showed that alpha and beta radioactivity involves the transmutation of atoms into atoms of other chemical elements. In 1913, after the products of more radioactive decays were known, Soddy and
Kazimierz Fajans Kazimierz Fajans (Kasimir Fajans in many American publications; 27 May 1887 – 18 May 1975) was a Polish American physical chemist of Polish-Jewish origin, a pioneer in the science of radioactivity and the discoverer of chemical element protact ...
independently proposed their radioactive displacement law, which states that beta (i.e., ) emission from one element produces another element one place to the right in the
periodic table The periodic table, also known as the periodic table of the (chemical) elements, is a rows and columns arrangement of the chemical elements. It is widely used in chemistry, physics, and other sciences, and is generally seen as an icon of ch ...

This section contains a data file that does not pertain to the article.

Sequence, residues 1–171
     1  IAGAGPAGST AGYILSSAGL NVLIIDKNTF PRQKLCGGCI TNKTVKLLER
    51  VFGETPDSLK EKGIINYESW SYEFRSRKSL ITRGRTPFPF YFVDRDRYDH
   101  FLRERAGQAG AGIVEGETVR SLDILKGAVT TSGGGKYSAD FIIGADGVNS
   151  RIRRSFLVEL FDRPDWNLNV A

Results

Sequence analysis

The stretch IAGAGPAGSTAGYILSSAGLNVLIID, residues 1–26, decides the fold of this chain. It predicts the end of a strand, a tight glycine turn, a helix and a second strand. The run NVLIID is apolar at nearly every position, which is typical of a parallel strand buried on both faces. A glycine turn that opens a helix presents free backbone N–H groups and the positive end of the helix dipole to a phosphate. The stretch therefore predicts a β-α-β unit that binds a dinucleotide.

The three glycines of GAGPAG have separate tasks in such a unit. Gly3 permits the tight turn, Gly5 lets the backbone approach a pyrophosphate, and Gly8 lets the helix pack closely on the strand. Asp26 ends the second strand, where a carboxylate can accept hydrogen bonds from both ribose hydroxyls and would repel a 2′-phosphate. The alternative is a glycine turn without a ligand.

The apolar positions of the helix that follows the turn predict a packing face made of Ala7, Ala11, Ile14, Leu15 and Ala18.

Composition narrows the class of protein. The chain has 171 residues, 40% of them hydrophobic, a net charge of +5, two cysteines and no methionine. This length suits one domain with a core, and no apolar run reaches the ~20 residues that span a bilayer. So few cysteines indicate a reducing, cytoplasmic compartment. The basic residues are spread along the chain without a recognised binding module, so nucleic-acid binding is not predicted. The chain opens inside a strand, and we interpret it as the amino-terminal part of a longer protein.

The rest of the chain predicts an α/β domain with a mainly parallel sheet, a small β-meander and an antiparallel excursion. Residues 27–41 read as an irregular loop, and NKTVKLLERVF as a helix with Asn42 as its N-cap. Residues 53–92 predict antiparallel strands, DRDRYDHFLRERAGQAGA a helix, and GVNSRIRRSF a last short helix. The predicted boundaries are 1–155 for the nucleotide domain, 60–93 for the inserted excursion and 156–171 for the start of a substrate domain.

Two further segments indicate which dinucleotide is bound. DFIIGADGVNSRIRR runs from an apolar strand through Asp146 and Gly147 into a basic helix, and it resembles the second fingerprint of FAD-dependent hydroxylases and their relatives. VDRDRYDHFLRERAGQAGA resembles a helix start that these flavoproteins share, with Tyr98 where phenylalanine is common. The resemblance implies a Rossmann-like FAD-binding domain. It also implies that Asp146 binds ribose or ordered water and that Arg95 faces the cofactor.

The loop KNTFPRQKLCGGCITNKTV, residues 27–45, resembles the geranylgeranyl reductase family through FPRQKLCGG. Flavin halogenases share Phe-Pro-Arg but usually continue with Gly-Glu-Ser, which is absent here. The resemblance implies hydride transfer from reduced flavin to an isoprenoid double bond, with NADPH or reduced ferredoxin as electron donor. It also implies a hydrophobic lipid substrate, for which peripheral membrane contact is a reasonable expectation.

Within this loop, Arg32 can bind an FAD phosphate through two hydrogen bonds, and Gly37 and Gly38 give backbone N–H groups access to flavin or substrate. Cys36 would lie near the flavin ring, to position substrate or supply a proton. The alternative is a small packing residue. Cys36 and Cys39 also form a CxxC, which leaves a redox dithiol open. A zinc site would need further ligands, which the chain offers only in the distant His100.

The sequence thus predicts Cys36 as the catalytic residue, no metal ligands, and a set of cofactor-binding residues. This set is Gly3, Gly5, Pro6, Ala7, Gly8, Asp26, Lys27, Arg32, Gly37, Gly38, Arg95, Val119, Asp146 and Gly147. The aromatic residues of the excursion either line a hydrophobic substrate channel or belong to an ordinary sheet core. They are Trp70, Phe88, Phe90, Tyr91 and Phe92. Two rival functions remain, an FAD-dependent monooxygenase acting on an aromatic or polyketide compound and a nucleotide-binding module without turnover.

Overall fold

, while alpha emission produces an element two places to the left.


Neutrinos

The study of beta decay provided the first physical evidence for the existence of the neutrino. In both alpha and gamma decay, the resulting alpha or gamma particle has a narrow energy
distribution Distribution may refer to: Mathematics * Distribution (mathematics), generalized functions used to formulate solutions of partial differential equations *Probability distribution, the probability of a particular value or value range of a vari ...
, since the particle carries the energy from the difference between the initial and final nuclear states. However, the kinetic energy distribution, or spectrum, of beta particles measured by Lise Meitner and